Contributions by: Morris Hoffman
Moses Hayim Luzzatto (1707-1746), rabbi,mystic, teacher, poet, playwright, and writer of ethical works, gathered around him in his 'house of study' in Padua an inner circle of devout Jews who shared his belief in the imminent arrival of the~messianic age and who privately identified members of their circle as divinely ordained to usher in the Redemption. To the rabbis of Venice and Frankfurt, however, Luzzatto was a heretic, whose claims to have written works at the dictation of a messenger from Heaven could not be genuine. Under pressure from them he was obliged to withdraw a number of~such works, and the manuscripts were either lost or destroyed. Yet his known works came to earn him admiration: as a literary figure among the adherents of the Enlightenment, as a great kabbalist and profound mystic by hasidim and even by some of their leading opponents, and as a great ethical teacher by all religious streams. Isaiah Tishby spent many years in the study of Luzzatto and his group, and succeeded in tracing a number of the lost manuscripts. In essays translated in this volume he described and annotated the manuscripts which he found, giving the full text of some of the prose works and of all the poems. From these manuscripts and Luzzatto's published works, he was able to correct and add detail to the incomplete picture of Luzzatto and his mystical world which had been current among scholars. He showed how far the views of earlier kabbalists and messianists had been accepted or modified by Luzzatto, and found evidence that he had influenced the early hasidic movement, so lending weight to Hayim Nahman Bialik's description of~Luzzatto as 'the father and first begetter' of the three main streams of Judaism in modern times. Tishby also clarified the messianic role for which, as the Padua group believed, certain of their members were destined under the leadership of~Luzzatto.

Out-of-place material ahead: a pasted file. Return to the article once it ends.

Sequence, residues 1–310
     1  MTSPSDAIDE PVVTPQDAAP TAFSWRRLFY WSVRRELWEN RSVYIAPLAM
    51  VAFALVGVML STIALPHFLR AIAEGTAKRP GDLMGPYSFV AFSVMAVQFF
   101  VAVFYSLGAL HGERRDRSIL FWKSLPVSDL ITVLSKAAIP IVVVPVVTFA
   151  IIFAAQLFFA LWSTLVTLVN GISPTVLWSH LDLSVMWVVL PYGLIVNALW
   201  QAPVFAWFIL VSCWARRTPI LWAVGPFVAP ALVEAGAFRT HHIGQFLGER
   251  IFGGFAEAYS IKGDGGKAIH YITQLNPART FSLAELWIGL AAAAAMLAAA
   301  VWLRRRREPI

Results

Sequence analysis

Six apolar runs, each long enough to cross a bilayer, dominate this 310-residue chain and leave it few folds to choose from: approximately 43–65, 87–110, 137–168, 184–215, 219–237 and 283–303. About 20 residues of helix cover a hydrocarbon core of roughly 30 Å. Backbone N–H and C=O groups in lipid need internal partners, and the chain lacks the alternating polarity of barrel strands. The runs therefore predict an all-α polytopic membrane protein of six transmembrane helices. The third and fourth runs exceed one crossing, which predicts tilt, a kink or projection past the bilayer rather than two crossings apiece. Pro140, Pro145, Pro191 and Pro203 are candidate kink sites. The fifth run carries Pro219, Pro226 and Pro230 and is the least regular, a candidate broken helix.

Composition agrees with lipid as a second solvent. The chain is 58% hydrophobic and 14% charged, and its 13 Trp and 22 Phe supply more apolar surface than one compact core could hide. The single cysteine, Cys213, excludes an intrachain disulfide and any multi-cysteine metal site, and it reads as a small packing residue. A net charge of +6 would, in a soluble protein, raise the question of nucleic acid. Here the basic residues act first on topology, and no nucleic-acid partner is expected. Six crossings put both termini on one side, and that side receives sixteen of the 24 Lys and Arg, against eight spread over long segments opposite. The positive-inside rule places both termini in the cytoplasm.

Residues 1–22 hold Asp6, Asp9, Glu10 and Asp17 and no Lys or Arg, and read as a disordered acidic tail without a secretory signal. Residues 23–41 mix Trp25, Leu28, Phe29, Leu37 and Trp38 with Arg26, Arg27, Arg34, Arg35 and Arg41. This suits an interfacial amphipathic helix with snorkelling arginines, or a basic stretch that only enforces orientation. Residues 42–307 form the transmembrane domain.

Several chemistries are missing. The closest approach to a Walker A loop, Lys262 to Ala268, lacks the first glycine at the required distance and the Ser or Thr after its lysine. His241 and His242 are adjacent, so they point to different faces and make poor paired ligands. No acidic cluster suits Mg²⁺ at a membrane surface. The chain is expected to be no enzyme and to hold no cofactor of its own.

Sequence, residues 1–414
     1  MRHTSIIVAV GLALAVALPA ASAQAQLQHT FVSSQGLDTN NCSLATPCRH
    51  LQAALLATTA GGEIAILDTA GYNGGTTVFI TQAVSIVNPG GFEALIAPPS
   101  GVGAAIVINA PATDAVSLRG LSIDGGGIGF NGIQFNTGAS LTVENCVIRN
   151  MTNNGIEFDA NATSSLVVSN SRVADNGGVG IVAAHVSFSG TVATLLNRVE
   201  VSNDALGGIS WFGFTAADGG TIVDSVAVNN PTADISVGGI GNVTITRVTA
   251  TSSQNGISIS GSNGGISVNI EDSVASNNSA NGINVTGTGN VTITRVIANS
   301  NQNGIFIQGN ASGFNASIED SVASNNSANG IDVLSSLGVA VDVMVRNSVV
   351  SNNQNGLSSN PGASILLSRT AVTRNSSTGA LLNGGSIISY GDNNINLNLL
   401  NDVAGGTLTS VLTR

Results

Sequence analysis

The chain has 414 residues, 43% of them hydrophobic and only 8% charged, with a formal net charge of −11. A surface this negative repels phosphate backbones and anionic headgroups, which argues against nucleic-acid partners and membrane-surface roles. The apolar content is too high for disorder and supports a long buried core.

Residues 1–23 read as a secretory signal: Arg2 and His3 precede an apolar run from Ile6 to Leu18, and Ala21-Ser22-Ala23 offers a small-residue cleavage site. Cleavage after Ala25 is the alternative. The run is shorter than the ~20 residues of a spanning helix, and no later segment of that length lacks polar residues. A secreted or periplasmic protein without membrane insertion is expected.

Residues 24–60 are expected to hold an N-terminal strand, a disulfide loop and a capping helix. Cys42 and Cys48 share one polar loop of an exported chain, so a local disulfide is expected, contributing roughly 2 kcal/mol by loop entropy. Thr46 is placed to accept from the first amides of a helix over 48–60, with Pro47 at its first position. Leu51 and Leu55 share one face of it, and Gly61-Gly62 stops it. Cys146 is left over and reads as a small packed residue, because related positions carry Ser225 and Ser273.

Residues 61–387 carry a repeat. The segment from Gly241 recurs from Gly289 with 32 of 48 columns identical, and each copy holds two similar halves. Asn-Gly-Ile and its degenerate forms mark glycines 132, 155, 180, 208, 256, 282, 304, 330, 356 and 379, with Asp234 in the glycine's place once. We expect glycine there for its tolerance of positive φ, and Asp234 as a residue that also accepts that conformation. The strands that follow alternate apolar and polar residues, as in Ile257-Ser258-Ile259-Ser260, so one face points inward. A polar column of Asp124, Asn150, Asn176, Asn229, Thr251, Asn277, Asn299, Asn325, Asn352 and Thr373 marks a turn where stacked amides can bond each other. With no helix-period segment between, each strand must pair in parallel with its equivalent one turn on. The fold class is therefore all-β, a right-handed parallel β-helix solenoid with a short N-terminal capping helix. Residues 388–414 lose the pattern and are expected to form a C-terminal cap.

Publication Date: 2/1/2008